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Technical Hok kandy koncentrate with nitrocellulose

Discussion in 'The Hokey Ass Message Board' started by sleazy pot pie, Dec 6, 2020.

  1. sleazy pot pie
    Joined: Apr 23, 2018
    Posts: 7

    sleazy pot pie

    I am painting guitars in my garage as a hobby. I have been using primarily nitrocellulose until recently getting into metal flake and urethane.

    I was hoping someone with more experience could help me with a new idea for a project.
    Have any of you folks with more experience ever used HOK (or any other brand) kandy koncentrate to color nitrocellulose lacquer?

    I would like to use the candy color mixed into nitro either as a base color or shot over a gold or silver base.
    I want to use organic green to get a color close to the old Cadillac green. Basically something darker than 7up green but lighter than hunter green.

    When shooting candy over gold or silver base, which is going to be darker?

    Any insight would be appreciated.
    Last edited: Dec 6, 2020
  2. Slopok
    Joined: Jan 30, 2012
    Posts: 2,628


    Can't answer all your questions but the gold would be darker and the silver brighter.
    sleazy pot pie likes this.
  3. That won't mix with any of the lacquer products. In the 60's, we would by a metallic color we liked and have them mix it with out the metallic. Use what's left and mix with clear to create a candy color. Pick your base and have at it. That was the method for those us without access to a mixing bank full of toners.
    Last edited: Dec 6, 2020
  4. chopolds
    Joined: Oct 22, 2001
    Posts: 5,918

    from howell, nj
    1. Kustom Painters

    Actually, the Candy Concentrates were originally made to be mixed into HOK's lacquer. When the Uros came out, they would also mix in with them. If they didn't change the formula, which I doubt they did, they should still be able to mix into both. I've used them for various projects in different formulas (basecoat, primer, clear) and with different chemistries (acrylic enamel, urethane, polyurethane), and haven't had any issues. Haven't worked with them in lacquer lately.
    Packrat, theHIGHLANDER and Moriarity like this.

  5. Moriarity
    Joined: Apr 11, 2001
    Posts: 21,036

    Staff Member

    Yup all true candy concentrates will mix with any kind of paint, Lacquer, urethane etc it doesn't care, the beauty of the concentrate is that you can mix it as strong or weak as you like so you can either color quickly (think door jambs) or sneak u on the color if mixed weak. I am pretty sure that there is no UV protection with the concentrates but it should not be a problem if you use a UV clearcoat which I think all of them are these days. I used concentrates to make the candies that I fogged on the Car Craft dream rod, the Futurian and the Outlaw clone that I built. I made the candies a little weaker as I wanted to be able to sneak up on the color
    april1.JPG december1.JPG fut8.jpg
    reagen and Packrat like this.
    Joined: Jun 3, 2005
    Posts: 8,200


    I'm also fairly certain it tints anything. If you're concerned I recommend this method. Whatever solvent you're using put the concentrate in that, try a few oz 1st. Pour that into your lacquer and stir it up, if it doesn't gel and goop up you're ready. My question is are you just referring to your lacquer as nitro or is it really nitrocellulose? Most of the only commercially available lacquer other than over priced specialty resto stuff is garden variety acrylic. PPG remains a producer of lacquer and, imagine this, it's due to the musical instrument and furniture industry. To sum up, I believe you're good to go but just experiment with a 4-6 oz ready-to-spray test. You gotta promise to let us know BTW.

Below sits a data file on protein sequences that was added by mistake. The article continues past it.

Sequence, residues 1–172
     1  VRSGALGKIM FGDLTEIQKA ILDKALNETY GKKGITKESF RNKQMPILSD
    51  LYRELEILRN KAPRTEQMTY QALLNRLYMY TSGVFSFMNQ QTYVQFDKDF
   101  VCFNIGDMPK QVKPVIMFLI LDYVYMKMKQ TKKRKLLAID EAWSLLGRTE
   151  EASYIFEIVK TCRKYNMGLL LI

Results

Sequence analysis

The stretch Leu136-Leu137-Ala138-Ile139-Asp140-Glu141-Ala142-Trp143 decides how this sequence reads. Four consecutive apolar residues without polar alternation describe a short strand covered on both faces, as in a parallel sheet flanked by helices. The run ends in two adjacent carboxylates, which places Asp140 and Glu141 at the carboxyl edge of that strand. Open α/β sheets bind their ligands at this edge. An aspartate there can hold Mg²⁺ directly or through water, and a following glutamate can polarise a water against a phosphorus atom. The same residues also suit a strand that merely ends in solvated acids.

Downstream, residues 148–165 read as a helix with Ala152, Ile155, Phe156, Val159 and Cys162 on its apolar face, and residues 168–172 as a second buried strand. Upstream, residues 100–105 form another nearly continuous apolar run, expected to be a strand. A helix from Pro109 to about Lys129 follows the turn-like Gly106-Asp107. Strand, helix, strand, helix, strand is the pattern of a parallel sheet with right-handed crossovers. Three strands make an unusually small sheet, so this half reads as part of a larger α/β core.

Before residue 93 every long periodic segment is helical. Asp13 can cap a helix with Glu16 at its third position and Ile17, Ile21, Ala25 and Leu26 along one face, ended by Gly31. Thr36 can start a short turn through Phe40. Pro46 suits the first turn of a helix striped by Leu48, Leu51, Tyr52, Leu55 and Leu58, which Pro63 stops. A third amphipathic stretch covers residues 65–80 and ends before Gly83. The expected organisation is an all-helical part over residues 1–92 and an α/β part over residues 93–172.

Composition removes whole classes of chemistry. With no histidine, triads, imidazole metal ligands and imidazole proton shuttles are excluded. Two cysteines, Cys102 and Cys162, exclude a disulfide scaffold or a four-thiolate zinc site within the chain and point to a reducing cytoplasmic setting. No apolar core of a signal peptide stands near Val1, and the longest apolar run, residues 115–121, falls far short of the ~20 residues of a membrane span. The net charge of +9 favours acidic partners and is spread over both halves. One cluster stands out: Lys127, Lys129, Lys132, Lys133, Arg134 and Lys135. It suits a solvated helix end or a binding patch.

Packrat and Moriarity like this.
  7. I talked to Jon Kosmoski at HOK when I was trying to figure out the colour of my truck and he assured me all the concentrates would work with any type of paint so as Mark said unless they have changed the formula they will work.

    Sent from my SM-G950W using The H.A.M.B. mobile app
    Moriarity likes this.
  8. Fender still uses nitrocellulose on some of their instruments so it must be available from someone. I follow the painter in their custom shop on Instagram and everything he sprays is Nitro. I have always been temped to ask where they get it but they probably wouldn't say.
  9. sleazy pot pie
    Joined: Apr 23, 2018
    Posts: 7

    sleazy pot pie

    I purchase nitrocellulose from Sherwin-Williams. You have to go to the comercial stores, not just any old Sherwin-Williams.
    I have the numbers at home.
    Mohawk also makes a pre-cat nitro as well as an on cat, which is sold as piano lacquer I believe. Belhens stringed instrument lacquer is also the same as the piano lacquer, just with a different label.
    Lastly, Minwax sells brushing lacquer which is nitro.

    A lot of guitar guys prefer nitrocellulose because it will yellow and weather check with age or help.
    K13 is correct, jncolor has a great Instagram page showing him painting Fender and Gretsch guitars strictly with nitro.

    I recieved shipping confirmation from Tropical Glitz today, so I should have the candy by the end of the week.
    I will let you know once it shows up and I can run some test panels.
    I am optimistic it will work.
    Thanks guys, will report back.
  10. sleazy pot pie
    Joined: Apr 23, 2018
    Posts: 7

    sleazy pot pie

    Just wanted to report back that I was able to mix HOK Kandy Koncentrate with nitrocellulose with no problems.
    I used plum crazy on my telemaster build. This is a jazz master body with tele pickups and controls.
    Will post up pics once I finish final sanding and assembly.
  11. Color me mistaken. :) I hadn't tried mixing pure toners before. Most of my cross mixing hasn't ended well. :)

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